Seek out the small shops in your area, the farmers’ markets and the holiday craft sales at schools. In my hometown of Boston, MassArt, our amazing local art college, has a stellar pre-holiday sale of student work every year. Out in my favorite area of Western Massachusetts there are new winter farmers’ markets through Berkshire Grown, where I can stock up on maple syrup and pick out a fresh wreath. You could spend a lot of time on fussier options, but I don’t know many folks who would be disappointed by a big jar of local honey with a bow on top.
Local doesn’t have to just mean geographically close — it can also mean more direct, more connected. Sites like Etsy and The Grommet are great places to seek out real people who are creating real things — a great alternative to anonymous making and anonymous buying.
Give a Service
For so many people on my gift list, what they need is not stuff — it’s time. Or fun. Or both. You might have a sibling who’s starting a new business, and you might know a great web designer. What if you gifted your sister an awesome new website? If you don’t know where to start, sites like Fiverr and Project Eve's "Shop the Movement" are full of great ideas. You’re supporting both the giftee and the service provider — and if that service provider is a woman-owned business, or a great community organization, all the better!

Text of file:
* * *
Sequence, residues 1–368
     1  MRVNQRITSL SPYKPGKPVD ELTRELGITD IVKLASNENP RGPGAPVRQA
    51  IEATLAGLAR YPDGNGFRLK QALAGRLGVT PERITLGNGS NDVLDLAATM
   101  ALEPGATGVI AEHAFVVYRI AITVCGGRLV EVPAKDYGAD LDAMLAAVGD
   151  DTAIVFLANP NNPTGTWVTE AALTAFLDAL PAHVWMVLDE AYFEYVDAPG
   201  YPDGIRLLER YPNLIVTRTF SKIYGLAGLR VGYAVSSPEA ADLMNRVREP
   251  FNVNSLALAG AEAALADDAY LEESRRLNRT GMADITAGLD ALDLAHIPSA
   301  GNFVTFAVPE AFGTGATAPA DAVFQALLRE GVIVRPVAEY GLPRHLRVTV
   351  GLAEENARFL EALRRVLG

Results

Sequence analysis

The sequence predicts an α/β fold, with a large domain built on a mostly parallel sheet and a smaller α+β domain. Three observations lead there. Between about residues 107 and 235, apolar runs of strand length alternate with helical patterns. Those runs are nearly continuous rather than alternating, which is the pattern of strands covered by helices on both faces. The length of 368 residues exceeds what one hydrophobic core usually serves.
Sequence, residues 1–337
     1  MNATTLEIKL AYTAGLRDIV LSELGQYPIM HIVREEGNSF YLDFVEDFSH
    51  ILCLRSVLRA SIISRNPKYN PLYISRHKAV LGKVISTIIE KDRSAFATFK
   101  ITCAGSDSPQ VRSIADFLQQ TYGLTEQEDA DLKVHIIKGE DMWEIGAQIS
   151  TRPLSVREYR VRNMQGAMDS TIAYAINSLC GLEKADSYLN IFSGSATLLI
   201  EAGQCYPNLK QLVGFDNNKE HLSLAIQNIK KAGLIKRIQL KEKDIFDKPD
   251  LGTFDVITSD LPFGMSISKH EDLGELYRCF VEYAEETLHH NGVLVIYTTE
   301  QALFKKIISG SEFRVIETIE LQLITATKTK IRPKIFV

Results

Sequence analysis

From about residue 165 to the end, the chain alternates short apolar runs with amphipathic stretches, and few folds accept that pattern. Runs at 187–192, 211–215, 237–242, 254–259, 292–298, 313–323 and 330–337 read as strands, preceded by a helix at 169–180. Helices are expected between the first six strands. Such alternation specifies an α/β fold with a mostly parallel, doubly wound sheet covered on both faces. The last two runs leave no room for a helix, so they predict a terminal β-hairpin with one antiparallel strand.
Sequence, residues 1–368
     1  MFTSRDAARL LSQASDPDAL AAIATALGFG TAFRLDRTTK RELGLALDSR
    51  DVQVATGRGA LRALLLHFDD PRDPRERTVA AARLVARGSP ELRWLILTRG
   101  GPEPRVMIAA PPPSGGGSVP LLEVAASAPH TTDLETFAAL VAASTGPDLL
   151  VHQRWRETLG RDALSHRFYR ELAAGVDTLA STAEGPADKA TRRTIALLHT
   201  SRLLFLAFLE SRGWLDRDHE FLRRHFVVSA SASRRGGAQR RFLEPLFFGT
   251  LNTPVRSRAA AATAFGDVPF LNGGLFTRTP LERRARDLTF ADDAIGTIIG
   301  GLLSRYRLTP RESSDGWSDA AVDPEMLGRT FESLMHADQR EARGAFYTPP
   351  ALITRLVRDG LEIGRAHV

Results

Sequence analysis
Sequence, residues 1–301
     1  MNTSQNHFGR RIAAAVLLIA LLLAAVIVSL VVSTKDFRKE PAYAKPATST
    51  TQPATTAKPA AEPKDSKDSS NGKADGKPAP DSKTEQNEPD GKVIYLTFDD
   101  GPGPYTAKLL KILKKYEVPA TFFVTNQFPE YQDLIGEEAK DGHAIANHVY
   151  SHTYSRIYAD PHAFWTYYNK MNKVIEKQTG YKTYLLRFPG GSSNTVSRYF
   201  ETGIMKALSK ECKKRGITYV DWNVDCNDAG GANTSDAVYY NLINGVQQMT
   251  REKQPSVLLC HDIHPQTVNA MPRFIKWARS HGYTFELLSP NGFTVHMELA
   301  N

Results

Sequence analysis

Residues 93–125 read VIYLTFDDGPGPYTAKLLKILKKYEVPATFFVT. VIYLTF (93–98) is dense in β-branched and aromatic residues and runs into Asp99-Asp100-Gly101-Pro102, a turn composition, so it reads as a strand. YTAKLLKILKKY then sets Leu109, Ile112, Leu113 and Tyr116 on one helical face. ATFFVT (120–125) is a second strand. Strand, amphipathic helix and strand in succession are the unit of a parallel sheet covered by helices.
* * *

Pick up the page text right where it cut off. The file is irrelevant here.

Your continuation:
One friend of mine was struggling with personal finances a few years ago, so I gave her time with a financial planner. Another friend really needed some pampering, so I gave her an appointment with my favorite salon. One small caution with this approach: Be sure you are giving a service that’s wanted, not one you think is needed. A healthy meal delivery service might be interpreted as criticism, no matter how many times you and the recipient have discussed your nutritional goals. A massage gift certificate for a mother of three is much more valuable when it’s given along with babysitting services. You get the idea.
There’s a reason those coupon books you made with construction paper as a kid were so well-received, and it’s not just because you were really cute (though of course you were). Sometimes more than anything else, we really do need a hug or a stroll around the lake or a cup of tea with a dear friend. Buddhist teacher Thich Nhat Hanh says, “The most precious gift we can offer anyone is our attention. When mindfulness embraces those we love, they will bloom like flowers.” For those dearest to you, along with whatever packages you wrap, be sure to give of yourself too.
When I had to cancel a vacation a few years ago due to a work crisis, a generous colleague arranged with the florist next door to fill my office with tropical flowers. They arrived with a note: “if you can’t come to the island, the island will come to you!” Best of all, she gave me her time as well: We got together for a night of “fruity drinks with umbrellas” that same week. It wasn’t a full-fledged vacation, but it sure felt like one. Now that is a gift I will always treasure.
Katherine Collins is author of the forthcoming book, “The Nature of Investing,” and founder and CEO of Honeybee Capital, a research firm dedicated to pollinating ideas in pursuit of optimal investment decision-making.